Initiation of the induction phase entailed terminating the glycerol feed, starting the methanol feed, and adjusting the culture pH. The maximum methanol feed rate was initially 20 ml/min. It was increased to 60 ml/min after 3 hours and increased to 120 ml/min after an additional 1 hour. The maximum methanol feed rate remained at 120 ml/min until harvest. The feed control was programmed to feed at less than the maximal rate if the DO level dropped below 25%. The pH was adjusted (over 1 hour) from 4.5 to 6.0 by addition of 14.8 M ammonium hydroxide. The optical density of the culture, when the methanol feed was initiated, was approximately 120.
Samples were taken from the fermentor every 2 to 4 hours during the day and early evening. Samples were plated to evaluate culture uniformity and viability. The culture pH of samples was measured to gauge whether the in-line pH probe had drifted. The optical density of the samples was measured. As part of sampling during the induction phase, the methanol feed was turned off briefly and the time was measured for the DO to increase by 10%. This DO response time was used to gauge whether methanol was accumulating in the fermentor. Times greater than 2 minutes indicate overfeeding of methanol to a degree which may be toxic to the cells. All response times were 90 seconds or less.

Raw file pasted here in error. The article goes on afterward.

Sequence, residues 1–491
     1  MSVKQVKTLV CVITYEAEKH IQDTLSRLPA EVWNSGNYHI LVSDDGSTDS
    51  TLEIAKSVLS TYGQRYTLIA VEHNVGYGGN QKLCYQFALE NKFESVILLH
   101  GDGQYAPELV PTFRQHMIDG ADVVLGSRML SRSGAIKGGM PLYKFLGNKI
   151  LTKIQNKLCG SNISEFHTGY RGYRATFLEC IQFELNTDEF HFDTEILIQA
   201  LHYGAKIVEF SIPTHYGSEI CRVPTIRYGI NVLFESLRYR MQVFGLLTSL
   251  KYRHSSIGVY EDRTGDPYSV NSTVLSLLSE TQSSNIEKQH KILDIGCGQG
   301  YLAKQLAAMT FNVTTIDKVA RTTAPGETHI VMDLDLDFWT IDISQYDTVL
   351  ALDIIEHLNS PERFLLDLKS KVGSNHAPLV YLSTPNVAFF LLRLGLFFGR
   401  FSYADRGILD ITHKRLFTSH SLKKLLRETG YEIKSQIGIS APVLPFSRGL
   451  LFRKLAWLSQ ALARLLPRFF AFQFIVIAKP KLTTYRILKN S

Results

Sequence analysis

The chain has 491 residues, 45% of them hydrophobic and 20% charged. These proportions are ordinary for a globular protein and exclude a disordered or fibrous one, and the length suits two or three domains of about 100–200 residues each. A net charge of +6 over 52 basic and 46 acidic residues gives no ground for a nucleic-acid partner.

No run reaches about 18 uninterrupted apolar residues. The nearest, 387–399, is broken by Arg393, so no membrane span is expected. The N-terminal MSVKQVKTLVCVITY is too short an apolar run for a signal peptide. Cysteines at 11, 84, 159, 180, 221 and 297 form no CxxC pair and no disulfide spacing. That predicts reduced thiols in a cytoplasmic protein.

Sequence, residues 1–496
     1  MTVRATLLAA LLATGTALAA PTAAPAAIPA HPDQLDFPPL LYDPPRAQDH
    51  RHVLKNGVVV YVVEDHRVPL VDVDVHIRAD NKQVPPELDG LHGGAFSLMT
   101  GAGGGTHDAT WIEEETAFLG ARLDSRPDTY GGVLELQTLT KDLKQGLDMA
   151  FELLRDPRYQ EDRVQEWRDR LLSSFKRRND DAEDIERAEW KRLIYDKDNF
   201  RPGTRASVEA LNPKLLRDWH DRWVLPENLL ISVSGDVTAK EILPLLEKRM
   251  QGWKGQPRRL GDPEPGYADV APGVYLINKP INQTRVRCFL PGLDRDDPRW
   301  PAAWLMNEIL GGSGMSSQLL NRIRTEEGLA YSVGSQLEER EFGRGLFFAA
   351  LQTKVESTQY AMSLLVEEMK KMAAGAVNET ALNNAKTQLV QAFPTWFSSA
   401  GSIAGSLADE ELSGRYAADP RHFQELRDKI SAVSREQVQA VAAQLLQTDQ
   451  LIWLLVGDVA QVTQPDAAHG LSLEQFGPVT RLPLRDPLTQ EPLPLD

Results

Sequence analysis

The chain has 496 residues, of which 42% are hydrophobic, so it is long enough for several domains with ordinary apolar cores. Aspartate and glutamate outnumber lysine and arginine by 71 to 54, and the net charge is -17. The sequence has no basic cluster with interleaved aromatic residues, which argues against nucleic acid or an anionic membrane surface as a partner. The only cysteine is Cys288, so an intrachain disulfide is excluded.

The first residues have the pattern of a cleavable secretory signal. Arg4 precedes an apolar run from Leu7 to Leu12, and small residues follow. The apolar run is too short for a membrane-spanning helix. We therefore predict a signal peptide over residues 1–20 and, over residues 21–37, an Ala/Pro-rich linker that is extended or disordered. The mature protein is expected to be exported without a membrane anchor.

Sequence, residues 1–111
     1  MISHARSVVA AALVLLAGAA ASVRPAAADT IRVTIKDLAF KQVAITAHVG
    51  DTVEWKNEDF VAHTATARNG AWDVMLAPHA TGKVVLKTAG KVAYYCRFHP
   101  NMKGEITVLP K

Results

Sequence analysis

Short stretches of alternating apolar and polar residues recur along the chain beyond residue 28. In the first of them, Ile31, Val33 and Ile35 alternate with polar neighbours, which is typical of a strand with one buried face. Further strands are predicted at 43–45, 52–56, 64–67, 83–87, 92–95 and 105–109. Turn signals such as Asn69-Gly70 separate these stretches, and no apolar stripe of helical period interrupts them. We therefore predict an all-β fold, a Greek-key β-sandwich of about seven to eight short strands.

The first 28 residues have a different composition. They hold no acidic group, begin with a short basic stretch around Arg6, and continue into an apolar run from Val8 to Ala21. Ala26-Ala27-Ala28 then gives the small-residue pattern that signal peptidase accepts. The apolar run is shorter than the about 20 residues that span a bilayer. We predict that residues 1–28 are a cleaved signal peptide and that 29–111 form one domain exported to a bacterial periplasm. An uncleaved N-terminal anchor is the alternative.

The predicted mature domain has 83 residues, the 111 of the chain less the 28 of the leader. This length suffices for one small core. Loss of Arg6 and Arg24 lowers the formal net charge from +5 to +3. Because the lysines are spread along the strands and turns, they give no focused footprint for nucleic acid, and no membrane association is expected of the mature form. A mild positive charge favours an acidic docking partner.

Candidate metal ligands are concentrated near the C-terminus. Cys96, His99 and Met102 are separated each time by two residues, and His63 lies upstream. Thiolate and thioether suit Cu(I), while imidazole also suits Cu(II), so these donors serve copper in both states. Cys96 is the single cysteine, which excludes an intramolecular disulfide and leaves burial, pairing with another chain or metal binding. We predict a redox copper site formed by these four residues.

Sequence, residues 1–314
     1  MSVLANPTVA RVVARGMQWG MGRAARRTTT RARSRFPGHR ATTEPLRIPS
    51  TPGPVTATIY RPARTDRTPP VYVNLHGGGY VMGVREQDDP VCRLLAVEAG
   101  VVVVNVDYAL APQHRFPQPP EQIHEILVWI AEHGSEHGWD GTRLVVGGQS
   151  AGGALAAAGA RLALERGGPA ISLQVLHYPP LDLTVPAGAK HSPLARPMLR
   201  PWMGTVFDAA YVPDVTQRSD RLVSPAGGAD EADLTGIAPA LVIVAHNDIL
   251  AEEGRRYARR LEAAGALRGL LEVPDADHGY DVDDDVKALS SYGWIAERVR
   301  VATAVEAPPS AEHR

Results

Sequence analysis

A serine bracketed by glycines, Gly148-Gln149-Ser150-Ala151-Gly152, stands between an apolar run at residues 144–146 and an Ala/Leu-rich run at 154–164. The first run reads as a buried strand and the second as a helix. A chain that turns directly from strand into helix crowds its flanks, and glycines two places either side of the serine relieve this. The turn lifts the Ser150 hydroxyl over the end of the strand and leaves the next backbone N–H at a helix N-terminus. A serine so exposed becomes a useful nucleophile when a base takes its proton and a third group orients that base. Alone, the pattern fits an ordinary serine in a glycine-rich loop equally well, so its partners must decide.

Ninety hours after inoculation the fermentor was harvested. At harvest, the culture temperature was reduced to 25° C. and the culture pH adjusted to 4.0 by addition of 2M phosphoric acid. The final optical density of the culture was 410.
C116S VEGF121 was fermented in an analogous fashion.
The fermentation broth was then clarified by centrifugation and the supernatant was filtered. Product in the filtered supernatant was then continuously processed by cation exchange chromatography (SP-Streamline, Pharmacia). The material captured was further purified by reverse-phase HPLC (C4, YMC). The fraction were collected, and concentration of the VEGF variant was determined. For further details of purification see, e.g. Muller et al, Proc. Natl. Acad. Sci. USA 94:7192-7197 (1997).